choice for new programs. The drawback is that a lot of the online
documentation
still uses old style classes.

Thanks for any guidance you can provide.

Cheers,
Allen

I've got Python 3.0 alpha 2. In this version, it looks like you can
define classes in either the old style or new style. (I snipped the
top line a bit in the following example):

Python 3.0a2 (r30a2:59405M, Dec 7 2007, 15:23:28
Type "help", "copyright", "credits" or "license"
>>>class one(object): pass
...
>>>class two: pass
...
>>>two
<class '__main__.two'>
>>>one
<class '__main__.one'>
>>>type(one)
<type 'type'>
>>>type(two)
<type 'type'>
>>>>
Note that you can get the same behaviour in Python 2.2+ by setting the
global variable __metaclass__ to type:

marigold:~ arno$ python
Python 2.5.1 (r251:54863, Jan 17 2008, 19:35:17)
[GCC 4.0.1 (Apple Inc. build 5465)] on darwin
Type "help", "copyright", "credits" or "license" for more information.
>>__metaclass__ = type
class Foo: pass
....
>>type(Foo)
<type 'type'>
>>>
--
Arnaud
Jun 27 '08 #3

P: n/a
This thread raises two questions for me.

1. I take it from this thread that in Python 3 the

following are equivalent:

class Test: pass

class Test(object): pass

Is that correct, and if so, where is it stated explicitly?

(I know about the "all classes are new style classes" statement.)

2. I take it from this thread that in Python 2.2+

if I put the following at the top of a module ::

__metaclass__ = type

then all the classes defined in that module will be newstyle

classes. Is that correct? Somehow I did not grok that from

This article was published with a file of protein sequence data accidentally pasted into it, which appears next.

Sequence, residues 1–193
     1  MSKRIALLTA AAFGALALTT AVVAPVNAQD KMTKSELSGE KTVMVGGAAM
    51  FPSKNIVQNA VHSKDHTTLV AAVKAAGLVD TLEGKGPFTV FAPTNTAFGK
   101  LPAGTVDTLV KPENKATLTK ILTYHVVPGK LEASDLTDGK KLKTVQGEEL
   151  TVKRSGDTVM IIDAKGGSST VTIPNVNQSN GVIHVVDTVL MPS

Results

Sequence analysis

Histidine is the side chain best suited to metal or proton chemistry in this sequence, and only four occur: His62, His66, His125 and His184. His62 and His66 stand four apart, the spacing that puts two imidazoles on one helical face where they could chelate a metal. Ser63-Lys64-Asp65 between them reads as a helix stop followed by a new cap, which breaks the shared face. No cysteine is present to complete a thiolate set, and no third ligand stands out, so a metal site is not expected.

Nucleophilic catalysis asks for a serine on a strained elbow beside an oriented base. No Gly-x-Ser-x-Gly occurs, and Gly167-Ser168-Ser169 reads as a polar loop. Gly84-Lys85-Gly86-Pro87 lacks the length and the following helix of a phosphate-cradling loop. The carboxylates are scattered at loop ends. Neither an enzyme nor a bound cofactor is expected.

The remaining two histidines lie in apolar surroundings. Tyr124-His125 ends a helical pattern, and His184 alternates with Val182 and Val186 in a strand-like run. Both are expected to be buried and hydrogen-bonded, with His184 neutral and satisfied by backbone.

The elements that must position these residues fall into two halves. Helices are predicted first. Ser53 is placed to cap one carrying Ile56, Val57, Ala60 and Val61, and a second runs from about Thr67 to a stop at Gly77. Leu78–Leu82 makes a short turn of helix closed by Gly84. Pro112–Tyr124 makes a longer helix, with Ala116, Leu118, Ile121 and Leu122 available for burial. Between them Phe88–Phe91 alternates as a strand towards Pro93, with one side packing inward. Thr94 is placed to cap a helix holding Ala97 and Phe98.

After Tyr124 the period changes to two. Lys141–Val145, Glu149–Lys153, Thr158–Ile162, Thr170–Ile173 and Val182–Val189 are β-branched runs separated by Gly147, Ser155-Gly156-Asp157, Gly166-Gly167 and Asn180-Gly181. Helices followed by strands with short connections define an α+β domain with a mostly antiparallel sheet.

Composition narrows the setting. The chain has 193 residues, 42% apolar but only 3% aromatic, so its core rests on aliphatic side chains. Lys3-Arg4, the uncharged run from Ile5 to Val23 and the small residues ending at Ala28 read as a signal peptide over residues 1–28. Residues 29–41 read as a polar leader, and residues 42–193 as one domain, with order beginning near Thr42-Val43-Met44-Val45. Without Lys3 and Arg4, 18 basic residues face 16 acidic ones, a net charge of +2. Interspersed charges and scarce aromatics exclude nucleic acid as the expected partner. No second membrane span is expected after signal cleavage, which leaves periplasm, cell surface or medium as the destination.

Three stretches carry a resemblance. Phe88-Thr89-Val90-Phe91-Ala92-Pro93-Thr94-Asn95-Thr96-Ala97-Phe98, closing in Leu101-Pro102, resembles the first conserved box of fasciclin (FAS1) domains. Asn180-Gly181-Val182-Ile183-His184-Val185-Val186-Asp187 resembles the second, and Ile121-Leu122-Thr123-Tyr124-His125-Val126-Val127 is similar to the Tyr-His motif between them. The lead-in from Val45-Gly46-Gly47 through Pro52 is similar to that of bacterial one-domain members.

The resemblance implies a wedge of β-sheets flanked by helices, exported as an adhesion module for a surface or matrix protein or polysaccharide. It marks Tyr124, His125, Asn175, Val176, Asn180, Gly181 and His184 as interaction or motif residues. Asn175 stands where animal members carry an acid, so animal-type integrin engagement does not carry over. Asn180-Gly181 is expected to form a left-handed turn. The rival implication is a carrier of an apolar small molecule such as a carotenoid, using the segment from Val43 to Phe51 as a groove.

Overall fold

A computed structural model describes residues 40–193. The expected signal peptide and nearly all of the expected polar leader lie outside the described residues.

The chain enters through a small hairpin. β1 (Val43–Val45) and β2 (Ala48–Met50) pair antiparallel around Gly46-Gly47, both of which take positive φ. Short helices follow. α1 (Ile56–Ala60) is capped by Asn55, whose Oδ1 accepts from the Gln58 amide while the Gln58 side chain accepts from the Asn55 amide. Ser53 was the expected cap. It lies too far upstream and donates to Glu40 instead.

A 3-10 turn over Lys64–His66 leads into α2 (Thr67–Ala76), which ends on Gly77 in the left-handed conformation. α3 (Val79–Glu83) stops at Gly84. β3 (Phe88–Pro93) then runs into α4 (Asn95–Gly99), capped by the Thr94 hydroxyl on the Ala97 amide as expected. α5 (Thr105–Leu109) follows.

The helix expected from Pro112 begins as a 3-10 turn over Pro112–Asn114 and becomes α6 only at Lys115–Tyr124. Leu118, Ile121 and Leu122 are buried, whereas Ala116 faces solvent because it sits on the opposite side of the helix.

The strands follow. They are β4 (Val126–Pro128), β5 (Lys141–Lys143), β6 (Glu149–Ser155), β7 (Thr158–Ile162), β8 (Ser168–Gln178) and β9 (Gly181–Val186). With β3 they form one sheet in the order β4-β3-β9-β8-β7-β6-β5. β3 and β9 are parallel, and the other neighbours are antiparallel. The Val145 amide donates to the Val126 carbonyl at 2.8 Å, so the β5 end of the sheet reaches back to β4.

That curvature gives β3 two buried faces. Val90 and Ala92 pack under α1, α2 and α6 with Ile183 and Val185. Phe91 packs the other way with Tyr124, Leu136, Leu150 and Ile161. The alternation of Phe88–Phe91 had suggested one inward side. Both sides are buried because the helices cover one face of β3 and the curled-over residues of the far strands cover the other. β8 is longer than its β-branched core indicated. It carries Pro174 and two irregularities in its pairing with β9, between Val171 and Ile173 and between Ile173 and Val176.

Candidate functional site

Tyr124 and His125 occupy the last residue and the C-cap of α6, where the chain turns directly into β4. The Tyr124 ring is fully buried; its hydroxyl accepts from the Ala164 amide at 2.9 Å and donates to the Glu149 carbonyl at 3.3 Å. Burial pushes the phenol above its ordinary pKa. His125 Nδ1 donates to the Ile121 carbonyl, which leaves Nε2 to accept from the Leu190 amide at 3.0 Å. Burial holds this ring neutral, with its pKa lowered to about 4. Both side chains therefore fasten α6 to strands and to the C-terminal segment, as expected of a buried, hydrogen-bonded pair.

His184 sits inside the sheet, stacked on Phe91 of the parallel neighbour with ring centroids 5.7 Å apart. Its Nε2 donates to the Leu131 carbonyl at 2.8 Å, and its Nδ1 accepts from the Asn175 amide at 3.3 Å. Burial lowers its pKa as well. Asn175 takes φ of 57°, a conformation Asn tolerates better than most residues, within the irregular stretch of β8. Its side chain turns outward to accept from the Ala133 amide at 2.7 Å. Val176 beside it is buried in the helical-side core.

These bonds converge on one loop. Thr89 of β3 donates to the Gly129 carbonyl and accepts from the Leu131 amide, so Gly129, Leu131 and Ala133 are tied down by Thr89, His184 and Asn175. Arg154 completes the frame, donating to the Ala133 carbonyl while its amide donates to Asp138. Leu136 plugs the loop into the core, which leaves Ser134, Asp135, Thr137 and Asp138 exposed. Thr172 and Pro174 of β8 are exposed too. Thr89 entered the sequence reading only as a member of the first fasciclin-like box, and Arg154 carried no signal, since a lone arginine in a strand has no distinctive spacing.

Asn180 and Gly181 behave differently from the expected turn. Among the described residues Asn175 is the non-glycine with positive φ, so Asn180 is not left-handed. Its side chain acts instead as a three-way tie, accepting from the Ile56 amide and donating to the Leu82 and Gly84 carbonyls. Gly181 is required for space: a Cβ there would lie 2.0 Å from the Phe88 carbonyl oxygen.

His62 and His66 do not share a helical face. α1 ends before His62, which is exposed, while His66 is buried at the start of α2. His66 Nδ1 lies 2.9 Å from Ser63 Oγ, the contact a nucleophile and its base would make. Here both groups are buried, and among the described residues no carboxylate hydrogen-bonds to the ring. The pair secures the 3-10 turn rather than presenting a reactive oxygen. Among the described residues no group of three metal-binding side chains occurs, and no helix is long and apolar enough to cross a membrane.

<URL:http://docs.python.org/ref/metaclasses.html>

but it seems right.

Thank you,

Alan Isaac


Jun 27 '08 #4

P: n/a
Alan Isaac <ai****@american.eduwrites:
This thread raises two questions for me.

1. I take it from this thread that in Python 3 the following are
equivalent:

class Test: pass

class Test(object): pass

Is that correct, and if so, where is it stated explicitly?
(I know about the "all classes are new style classes" statement.)
I don't know where it is stated, but how could they *not* be
equivalent?
2. I take it from this thread that in Python 2.2+ if I put the
following at the top of a module ::

__metaclass__ = type

then all the classes defined in that module will be newstyle
classes. Is that correct? Somehow I did not grok that from

<URL:http://docs.python.org/ref/metaclasses.html>

but it seems right.
From the URL you quote:

The appropriate metaclass is determined by the following
precedence rules:

* If dict['__metaclass__'] exists, it is used.

* Otherwise, if there is at least one base class, its metaclass is
used (this looks for a __class__ attribute first and if not
found, uses its type).

* Otherwise, if a global variable named __metaclass__ exists, it
is used.

* Otherwise, the old-style, classic metaclass (types.ClassType) is
used.

Look at the third point.

--
Arnaud
Jun 27 '08 #5

P: n/a
On May 29, 12:07 pm, allendow...@gmail.com wrote:
The current edition of the book presents old style classes. I am
considering
switching to new style classes on the assumption that this should be
the default
choice for new programs. The drawback is that a lot of the online
documentation
still uses old style classes.

New style, all the way.

The drawback you speak of for new-style classes I think is today more
of a drawback for old-style. The problem is, when a newbie goes
looking for examples, there is a lot of code out there that uses
things like properties, type(instance), @staticmethods, and so on.
Those won't work, and will confuse the hell out of newbies, if you
teach them old-style. OTOH, the examples out there that are written
for old-style usually still work for new-style classes.

The only significant issue, as far as I'm concerned, is the list of
bases. Which is why, even if you only cover new-style classes, it's
important to at least mention that there used to exist old-style that
don't list any bases (in Python 2.x). And then tell the user, "We're
not covering it, it's not something you need to worry about, and most
of the time you can and should add (object) and the code will still
work." And leave it at that--let the interested newbie seek out more